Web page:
As the Fidel Castro era slowly draws to a close, it is a bit difficult to picture (much less actually remember) the U.S. influenced decadence of pre-Castro Cuba. The country, Havana in particular, was so shamelessly exploited by U.S. businesses and criminal interests during those years that it is little wonder that Castro booted all of them from the country as soon as he could.
Libby Fischer Hellman's new historical thriller Havana Lost, via the fictional Pacelli family, vividly recreates both pre-and-post-Castro Cuba for the reader. As the book opens, time is running out for the mobsters running Havana's plush casinos, and some of the bosses are beginning to hedge their bets by publicly supporting Batista, the country's dictator, while privately shipping arms to Castro's rebels. Well, good luck with that.
Francesca Pacelli's days in Havana are numbered. Sensing the imminent fall of the Cuban government, her mobster father is sending her back to Chicago in order to keep her safe from harm - and kidnappers. And now, at the worst possible moment, Frankie falls passionately in love with a young Cuban she barely knows, a man who just happens to be a pro-Castro rebel. Unfortunately for both, after her father forcibly removes her from the country, Frankie never sees her lover again.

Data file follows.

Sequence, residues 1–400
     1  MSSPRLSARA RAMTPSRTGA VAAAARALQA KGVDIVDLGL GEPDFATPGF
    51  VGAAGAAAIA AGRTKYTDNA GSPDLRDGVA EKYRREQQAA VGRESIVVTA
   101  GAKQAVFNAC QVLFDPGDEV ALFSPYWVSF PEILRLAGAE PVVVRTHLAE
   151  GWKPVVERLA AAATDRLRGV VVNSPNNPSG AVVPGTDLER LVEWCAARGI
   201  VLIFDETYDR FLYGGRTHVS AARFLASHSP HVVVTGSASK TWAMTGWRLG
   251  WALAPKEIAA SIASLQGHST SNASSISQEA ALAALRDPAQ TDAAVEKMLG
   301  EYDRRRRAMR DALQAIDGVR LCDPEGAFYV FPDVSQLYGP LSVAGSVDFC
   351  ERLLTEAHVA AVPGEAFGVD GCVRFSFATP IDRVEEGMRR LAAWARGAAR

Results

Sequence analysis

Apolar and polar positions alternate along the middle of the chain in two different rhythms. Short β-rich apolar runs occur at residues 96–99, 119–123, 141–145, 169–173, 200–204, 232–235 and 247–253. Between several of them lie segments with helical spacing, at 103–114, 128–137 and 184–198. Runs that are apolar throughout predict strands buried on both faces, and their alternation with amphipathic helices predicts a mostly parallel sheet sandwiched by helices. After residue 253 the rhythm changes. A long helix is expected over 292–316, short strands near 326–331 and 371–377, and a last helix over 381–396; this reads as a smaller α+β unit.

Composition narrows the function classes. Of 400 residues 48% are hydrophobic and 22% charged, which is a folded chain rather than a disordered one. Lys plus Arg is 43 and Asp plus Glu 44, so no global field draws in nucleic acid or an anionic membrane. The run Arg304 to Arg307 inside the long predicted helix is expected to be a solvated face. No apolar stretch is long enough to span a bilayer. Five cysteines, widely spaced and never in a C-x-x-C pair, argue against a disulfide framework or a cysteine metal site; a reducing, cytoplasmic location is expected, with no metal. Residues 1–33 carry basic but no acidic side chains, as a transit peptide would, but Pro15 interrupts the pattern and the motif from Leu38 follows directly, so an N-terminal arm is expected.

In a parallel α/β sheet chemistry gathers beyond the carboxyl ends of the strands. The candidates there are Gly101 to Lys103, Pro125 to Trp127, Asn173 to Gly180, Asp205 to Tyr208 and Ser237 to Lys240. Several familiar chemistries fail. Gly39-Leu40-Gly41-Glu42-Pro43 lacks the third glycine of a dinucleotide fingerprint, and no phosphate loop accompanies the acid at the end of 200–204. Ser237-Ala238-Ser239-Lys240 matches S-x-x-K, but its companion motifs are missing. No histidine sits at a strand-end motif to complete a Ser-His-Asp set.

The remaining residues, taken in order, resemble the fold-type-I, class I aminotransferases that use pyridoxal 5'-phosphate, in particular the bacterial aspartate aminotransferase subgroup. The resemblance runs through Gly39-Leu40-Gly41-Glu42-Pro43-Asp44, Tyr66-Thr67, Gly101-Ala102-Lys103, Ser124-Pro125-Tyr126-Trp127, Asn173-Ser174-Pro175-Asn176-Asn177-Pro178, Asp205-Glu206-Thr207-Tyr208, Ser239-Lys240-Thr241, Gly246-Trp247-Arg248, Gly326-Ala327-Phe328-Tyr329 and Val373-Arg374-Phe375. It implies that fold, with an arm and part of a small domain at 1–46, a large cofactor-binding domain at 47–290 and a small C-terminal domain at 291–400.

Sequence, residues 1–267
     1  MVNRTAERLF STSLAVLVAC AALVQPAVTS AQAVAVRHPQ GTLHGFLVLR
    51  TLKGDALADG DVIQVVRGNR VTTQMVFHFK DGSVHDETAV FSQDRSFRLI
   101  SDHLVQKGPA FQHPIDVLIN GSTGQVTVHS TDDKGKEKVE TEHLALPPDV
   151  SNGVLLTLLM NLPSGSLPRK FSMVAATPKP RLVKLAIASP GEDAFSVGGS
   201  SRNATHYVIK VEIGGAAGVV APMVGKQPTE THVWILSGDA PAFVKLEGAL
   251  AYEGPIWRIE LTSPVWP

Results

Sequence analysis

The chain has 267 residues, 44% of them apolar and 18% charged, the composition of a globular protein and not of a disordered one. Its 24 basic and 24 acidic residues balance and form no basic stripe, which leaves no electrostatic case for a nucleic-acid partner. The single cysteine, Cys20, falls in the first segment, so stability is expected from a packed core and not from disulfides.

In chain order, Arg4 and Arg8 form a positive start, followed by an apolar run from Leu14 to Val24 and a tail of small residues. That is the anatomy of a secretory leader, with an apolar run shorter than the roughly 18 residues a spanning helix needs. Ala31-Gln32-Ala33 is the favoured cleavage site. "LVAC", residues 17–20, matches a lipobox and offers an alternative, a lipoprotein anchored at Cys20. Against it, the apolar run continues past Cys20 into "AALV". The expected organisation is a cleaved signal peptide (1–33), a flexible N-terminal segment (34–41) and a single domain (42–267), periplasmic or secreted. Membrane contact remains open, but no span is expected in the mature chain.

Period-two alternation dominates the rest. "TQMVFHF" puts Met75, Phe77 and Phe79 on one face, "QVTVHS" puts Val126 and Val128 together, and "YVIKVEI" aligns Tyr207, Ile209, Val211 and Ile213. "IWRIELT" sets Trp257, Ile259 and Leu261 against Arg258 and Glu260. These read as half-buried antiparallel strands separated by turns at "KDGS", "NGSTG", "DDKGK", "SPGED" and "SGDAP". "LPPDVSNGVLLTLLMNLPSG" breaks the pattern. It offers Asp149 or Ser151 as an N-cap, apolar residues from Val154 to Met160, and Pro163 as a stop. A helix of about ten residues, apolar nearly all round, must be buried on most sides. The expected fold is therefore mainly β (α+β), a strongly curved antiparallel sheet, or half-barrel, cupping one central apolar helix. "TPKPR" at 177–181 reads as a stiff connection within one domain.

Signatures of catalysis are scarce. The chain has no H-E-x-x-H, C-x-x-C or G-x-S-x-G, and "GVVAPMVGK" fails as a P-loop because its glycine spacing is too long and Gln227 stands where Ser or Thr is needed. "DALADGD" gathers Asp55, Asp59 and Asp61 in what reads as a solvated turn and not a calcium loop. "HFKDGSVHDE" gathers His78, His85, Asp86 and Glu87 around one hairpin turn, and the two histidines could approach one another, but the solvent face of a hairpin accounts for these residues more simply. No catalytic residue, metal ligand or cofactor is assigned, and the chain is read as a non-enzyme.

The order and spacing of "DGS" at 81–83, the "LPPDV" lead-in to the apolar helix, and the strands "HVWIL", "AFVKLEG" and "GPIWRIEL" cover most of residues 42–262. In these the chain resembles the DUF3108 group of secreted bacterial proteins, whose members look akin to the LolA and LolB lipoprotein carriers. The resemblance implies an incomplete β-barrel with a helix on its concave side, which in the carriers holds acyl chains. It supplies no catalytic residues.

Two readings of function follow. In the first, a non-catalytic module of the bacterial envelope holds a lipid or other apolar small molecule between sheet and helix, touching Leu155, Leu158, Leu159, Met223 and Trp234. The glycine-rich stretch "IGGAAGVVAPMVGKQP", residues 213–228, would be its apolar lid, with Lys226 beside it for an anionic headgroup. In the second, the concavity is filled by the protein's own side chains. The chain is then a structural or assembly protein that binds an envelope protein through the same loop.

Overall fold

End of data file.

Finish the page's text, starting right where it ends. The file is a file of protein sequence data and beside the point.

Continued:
|Libby Fischer Hellman|
But, as Frankie will learn decades later, Cuba is not done with the Pacelli family just yet. Lured back into the country by the possibility of immense wealth to be had for the taking, the family will pay for its sins - past and present. Havana Lost tells the story of three generations of a family trying to balance greed and family loyalty, but in the process, spectacularly failing at both. It is a tale of innocence lost and innocence abused, all in the name of easy money.
Thoroughly researched by its author, Havana Lost has all the makings of a first rate historical thriller. It is a genuine page-turner that allows the reader to experience Cuba-past and Cuba-present through the eyes of ordinary people forced to endure both eras. That level of authenticity is not a surprise in a Libby Hellman novel, however (see A Bitter Veil). In my estimation, what makes Havana Lost special is the author's willingness to take chances with so many of the characters central to her story. Havana Lost is filled with surprises I wish I could tell you about - but then they wouldn't be surprises, would they? Thriller fans, you need to read this one.
(Review Copy provided by Publisher)